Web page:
In the case of abandoned coal mines, Graham said once a coal seam catches fire it essentially burns until the coal runs out. Graham visited the Iversens’ property in June 2020 to survey the extent of the undermined area and determine if it was eligible for AML funding. Graham then hired a contractor to facilitate the rehabilitation of the coal mine, which he estimates dates back to the early 1900s.

The burning coal seam was dug up in three places. In each area, workers mixed the burning coal with soil and water to quench the fire before putting the material back in the ground. Then they graded the surface to match the natural contours of the land and seeded the ground with native grasses. 

Such work can be costly, but Graham said the agency is good at leveraging funds and working with other groups like the DNRC to help communities and property owners not only reclaim sites but make them beneficial.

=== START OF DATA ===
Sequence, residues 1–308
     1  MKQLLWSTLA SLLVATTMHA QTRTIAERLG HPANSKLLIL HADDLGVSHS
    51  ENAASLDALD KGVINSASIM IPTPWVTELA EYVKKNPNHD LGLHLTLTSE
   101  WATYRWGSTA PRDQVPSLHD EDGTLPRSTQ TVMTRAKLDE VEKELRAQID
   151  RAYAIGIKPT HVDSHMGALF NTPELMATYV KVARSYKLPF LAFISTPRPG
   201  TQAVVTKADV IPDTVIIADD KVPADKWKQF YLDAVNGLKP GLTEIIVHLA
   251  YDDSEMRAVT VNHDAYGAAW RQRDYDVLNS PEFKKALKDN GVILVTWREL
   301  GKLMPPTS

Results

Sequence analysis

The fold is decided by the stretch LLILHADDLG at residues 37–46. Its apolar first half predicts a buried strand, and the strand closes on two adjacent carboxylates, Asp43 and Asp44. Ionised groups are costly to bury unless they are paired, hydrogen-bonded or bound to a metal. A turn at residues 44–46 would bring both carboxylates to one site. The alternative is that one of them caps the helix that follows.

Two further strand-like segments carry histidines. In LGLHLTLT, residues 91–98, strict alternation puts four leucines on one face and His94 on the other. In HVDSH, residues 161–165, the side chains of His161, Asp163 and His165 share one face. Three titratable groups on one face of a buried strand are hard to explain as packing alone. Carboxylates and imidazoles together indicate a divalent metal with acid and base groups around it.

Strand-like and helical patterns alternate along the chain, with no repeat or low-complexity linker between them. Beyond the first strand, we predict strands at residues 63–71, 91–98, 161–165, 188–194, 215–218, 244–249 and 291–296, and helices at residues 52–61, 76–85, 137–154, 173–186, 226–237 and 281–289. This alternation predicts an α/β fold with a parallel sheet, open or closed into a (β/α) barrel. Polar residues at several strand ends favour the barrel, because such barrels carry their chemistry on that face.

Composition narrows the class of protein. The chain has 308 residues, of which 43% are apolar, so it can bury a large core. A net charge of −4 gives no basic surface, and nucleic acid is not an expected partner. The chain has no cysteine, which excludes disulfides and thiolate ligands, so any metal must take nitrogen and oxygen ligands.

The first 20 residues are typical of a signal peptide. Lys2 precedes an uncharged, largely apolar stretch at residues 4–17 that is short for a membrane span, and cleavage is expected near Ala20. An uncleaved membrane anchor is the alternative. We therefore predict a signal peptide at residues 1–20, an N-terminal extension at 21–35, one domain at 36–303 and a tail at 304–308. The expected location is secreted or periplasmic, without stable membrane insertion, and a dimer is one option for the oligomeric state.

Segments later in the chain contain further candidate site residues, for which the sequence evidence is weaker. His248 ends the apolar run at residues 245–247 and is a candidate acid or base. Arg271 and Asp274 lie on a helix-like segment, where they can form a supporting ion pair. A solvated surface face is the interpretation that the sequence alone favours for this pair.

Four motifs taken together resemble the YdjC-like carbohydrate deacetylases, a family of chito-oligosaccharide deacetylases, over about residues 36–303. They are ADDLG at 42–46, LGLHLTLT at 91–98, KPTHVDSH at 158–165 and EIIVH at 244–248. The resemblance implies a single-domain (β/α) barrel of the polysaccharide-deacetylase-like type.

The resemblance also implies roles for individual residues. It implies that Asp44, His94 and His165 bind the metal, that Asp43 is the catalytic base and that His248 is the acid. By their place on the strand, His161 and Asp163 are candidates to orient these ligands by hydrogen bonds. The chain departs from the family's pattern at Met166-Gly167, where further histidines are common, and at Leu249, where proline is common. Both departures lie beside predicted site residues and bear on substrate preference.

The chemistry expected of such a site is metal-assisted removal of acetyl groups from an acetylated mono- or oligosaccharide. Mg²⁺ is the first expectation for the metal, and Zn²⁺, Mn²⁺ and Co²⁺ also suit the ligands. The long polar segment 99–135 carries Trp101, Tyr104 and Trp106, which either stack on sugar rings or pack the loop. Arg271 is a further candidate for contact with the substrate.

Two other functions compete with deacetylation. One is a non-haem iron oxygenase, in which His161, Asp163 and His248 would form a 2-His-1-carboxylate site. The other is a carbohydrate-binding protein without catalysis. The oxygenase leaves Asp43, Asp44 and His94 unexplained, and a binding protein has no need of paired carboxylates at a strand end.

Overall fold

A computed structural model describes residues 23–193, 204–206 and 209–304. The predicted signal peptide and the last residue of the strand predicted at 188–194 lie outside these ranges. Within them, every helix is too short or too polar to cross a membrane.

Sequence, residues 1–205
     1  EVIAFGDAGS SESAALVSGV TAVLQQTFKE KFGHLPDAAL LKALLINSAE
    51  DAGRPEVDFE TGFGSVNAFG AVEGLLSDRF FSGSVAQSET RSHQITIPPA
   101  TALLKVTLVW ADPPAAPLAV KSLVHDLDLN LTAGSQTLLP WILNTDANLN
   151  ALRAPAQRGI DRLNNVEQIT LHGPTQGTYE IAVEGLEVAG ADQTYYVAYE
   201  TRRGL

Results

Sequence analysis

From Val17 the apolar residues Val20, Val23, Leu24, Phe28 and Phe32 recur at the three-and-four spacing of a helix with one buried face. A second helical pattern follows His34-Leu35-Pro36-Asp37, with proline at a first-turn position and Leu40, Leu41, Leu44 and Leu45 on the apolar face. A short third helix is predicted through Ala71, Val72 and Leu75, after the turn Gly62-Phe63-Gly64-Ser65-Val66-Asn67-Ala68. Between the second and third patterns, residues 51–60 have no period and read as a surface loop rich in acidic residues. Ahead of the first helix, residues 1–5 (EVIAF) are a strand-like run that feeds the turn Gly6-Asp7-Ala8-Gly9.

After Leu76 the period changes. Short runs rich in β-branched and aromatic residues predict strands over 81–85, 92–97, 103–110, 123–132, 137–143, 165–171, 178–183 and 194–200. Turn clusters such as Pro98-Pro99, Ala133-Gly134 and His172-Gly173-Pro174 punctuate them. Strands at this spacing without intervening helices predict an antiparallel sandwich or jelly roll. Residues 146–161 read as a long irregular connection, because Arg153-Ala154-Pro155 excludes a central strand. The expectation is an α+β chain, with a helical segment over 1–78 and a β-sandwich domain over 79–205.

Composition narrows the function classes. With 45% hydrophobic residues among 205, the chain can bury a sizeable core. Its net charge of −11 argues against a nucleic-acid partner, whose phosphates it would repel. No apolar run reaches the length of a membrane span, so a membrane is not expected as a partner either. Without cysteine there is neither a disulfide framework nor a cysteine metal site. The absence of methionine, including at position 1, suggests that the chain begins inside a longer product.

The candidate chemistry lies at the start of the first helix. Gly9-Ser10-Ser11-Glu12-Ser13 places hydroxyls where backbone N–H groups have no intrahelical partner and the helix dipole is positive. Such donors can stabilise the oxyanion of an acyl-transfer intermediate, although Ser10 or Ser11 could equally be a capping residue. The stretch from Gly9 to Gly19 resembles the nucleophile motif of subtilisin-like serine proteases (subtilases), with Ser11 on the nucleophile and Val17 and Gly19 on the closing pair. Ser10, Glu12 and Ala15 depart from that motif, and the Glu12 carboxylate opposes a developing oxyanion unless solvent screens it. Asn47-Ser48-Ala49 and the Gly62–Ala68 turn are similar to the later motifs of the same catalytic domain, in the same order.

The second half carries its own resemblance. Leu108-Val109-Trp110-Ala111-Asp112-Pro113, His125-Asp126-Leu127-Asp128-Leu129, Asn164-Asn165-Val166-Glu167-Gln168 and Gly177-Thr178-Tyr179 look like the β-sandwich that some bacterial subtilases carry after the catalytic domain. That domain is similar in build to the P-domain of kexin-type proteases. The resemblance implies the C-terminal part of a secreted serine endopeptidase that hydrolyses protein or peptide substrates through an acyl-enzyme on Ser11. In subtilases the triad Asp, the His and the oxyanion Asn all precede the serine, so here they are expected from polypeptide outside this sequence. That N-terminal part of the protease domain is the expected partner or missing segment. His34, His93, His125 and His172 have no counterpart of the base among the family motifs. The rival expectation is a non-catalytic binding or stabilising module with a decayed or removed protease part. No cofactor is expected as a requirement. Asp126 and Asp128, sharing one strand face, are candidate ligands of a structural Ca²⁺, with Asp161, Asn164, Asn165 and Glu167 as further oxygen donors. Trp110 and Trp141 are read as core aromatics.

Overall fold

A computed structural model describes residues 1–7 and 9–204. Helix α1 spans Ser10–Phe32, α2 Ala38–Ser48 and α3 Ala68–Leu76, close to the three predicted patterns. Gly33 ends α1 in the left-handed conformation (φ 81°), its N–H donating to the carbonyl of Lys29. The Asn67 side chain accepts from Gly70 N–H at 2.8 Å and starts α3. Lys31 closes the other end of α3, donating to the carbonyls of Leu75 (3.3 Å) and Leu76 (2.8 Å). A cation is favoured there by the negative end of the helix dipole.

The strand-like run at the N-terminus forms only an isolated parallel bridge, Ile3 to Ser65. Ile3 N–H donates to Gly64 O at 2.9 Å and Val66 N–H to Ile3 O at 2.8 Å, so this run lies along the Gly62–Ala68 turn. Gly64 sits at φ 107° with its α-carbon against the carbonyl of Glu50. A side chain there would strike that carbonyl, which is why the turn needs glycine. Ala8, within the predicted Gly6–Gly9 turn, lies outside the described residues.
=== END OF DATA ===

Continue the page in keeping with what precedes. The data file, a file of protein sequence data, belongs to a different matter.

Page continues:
“We show up with a wheelbarrow full of money,” Graham said. 

Qualifying for AML funding was crucial for the Iversens. The cost of excavating and extinguishing the fires without county and state assistance would have been significant. 

“You can’t afford not to because it could burn the whole countryside down in the middle of the night,” Connie Iversen said. 

Despite the fires on the Iversen property, which weren’t extinguished until the spring of 2022 due to the dangers of digging them up during an ongoing drought, Connie Iversen said they’re not too concerned about discovering another mine on their land. 

“Worried? No, not really,” she said. “I wouldn’t be surprised if we had another one, but it’s not something that keeps us awake at night.” 

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Ella Hall is a relative newcomer to Montana, having moved to Missoula in the fall of 2022 to start graduate school at the University of Montana’s environmental science and natural resources journalism program. During her first year of grad school, she has freelanced for the Missoula Current and Modern Farmer.